Blog Too Many Rappers: February

Too Many Rappers: February

Posted Feb. 15, 2013, 6:02 p.m. by Nathan G. O'Brien

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This hip-hop train just keeps on rolling.  And although I would like to think I’m fully on board, it feels more like I’m running beside it, trying to keep up, wondering what will happen if I take the proverbial leap of faith.  Will I catch this locomotive and ride it all way, or will I be left on my hands and knees, huffing and puffing as it roars on into the future without me?  Even if I caught on, it’s likely I’d lose my grip and end up crushed beneath its steamrolling speed and weight.  I am aware that hurling oneself towards a train, whether metaphorical or otherwise, is a bad idea, but here’s the thing: good decisions and I don’t exactly have a great relationship.  For example, if there’s a box of Girl Scout cookies sitting on the break room counter, instead of taking just one, I’ll grab five.  It’s this same tactic that fuels my consumption of rap music.  While the side effects may differ, I would surmise they are equally unhealthy when ingested in large quantities.  One will make you fat; the other will make you an asshole.  Seeing as how this column isn’t called Too Many Cookies, I’ll focus on the latter. 

In the New Mixtapes department…

Casey Veggies – Licv2.jpgfe Changes

At just 19 years old, Inglewood, CA’s Casey Veggies has already been rapping for five years—originally a founding member of Odd Future, he dipped out to pursue a solo career, citing a difference in creative direction.  While he still maintains a casual acquaintance with his old crew, Life Changes is definitely unlike any material coming out of the OFWGKTA camp. Although, it’s a tape, it’s structured more like a concept album.  The basic premise being, that when you’re 19, poised to (possibly) become really famous, your life, ah, changes—so the title is on point.  Unfortunately there’s nothing really outstanding about it.  I mean, it’s certainly paced well, and Casey is a worthy emcee, but it falls a little flat.  I wouldn’t necessarily call it soft, but it does lack the gut punch of more traditional rap music—perhaps the fault of the beat selection.  It’s more on the lush, vibrant side of things than the bangin’.  But to be fair, like Brother Ali, Skyzoo and to some extent, Kendrick Lamer, Veggies lands just outside my sphere of rap preference.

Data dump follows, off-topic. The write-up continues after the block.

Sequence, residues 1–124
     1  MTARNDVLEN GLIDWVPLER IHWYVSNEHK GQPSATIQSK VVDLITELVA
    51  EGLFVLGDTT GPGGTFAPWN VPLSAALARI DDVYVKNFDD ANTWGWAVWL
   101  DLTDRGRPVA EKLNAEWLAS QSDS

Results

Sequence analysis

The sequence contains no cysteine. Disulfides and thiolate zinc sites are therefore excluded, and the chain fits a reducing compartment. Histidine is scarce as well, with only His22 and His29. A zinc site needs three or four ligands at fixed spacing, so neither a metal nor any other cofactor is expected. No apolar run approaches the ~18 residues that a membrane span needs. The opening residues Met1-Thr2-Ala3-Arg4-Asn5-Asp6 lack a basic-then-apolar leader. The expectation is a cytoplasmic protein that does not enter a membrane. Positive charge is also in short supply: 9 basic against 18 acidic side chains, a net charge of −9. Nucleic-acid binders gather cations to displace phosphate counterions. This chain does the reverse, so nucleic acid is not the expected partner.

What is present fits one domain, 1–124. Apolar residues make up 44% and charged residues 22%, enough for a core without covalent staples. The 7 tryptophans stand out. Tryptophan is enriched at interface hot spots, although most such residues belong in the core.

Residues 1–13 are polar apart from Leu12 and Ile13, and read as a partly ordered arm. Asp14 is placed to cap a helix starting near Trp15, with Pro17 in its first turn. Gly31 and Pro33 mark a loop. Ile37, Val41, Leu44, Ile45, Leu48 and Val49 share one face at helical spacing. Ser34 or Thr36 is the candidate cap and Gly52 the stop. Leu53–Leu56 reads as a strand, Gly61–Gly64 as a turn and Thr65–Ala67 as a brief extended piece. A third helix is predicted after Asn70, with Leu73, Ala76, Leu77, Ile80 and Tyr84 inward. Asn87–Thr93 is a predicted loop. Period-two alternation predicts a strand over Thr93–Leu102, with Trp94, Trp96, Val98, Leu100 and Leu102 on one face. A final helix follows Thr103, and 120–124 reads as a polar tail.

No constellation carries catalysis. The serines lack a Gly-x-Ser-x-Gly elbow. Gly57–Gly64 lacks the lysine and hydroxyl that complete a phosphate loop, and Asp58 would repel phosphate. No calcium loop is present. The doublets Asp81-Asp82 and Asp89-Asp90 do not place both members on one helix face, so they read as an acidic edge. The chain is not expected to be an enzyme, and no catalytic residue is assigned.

gp.jpg

Gunplay – Cops & Robbers 

“Bet That,” the first song on Gunplay’s new tape Cops & Robbers starts off with the MMG loudmouth boasting, “I just beat a life sentence. Fuck ya!”  This is a guy that is fresh off of house arrest, mind you.  It’s clear Gunplay doesn’t give a fuck.  I mean, come on, dude has a swastika tattoo.  Like with past releases, his approach to tapes falls in line with the traditional template set forth in the days when they actually came on cassette or CD-Rs that you had to buy at the corner store or from the dude in the parking lot of A&J Fish & Chicken—he raps over second hand trap beats, the audio quality is poor, and it’s a collection of songs largely void of a thematic cohesiveness or album continuity.  The guy’s name is Gunplay and this is called Cops & Robbers, so there’s that type of thing going on in every song, but there was likely no real thought to how they are assembled.  It’s raw, ignorant, and completely unapologetic.  And, well, it’s pretty great actually.    

PUSHA_wrath_cane_cover.jpg

Pusha T – Wrath of Caine

Pusha T is undoubtedly commanding and imposing in his delivery—whether as half of the late great brotherly duo Clipse, or as a solo artist, he makes totally listenable rap songs—but goddamn if he doesn’t talk about the same thing all the time.  When you’re not banging your head to this, you’ll be screaming at your iPod, “We get it dude, you sold cocaine!”  Even when Pusha attempts to go the emo route, as he does several times on Wrath of Caine, he seemingly can only take it as far as the sentiments of a drug dealer.  It’s nice to know he has a conscious though.  This tape doesn’t really drum up much excitement for the upcoming album, which, if I’m not mistaken, is one the primary reasons pre-album mixtapes exist.   That’s not to say it isn’t fairly enjoyable.  I’m just saying that since this tape comes without a price point, it’s unlikely that people will pay for an album that’s probably going to just be more of the same.

 

SpaceGhostPurrp – B.M.W. EPspg3.jpg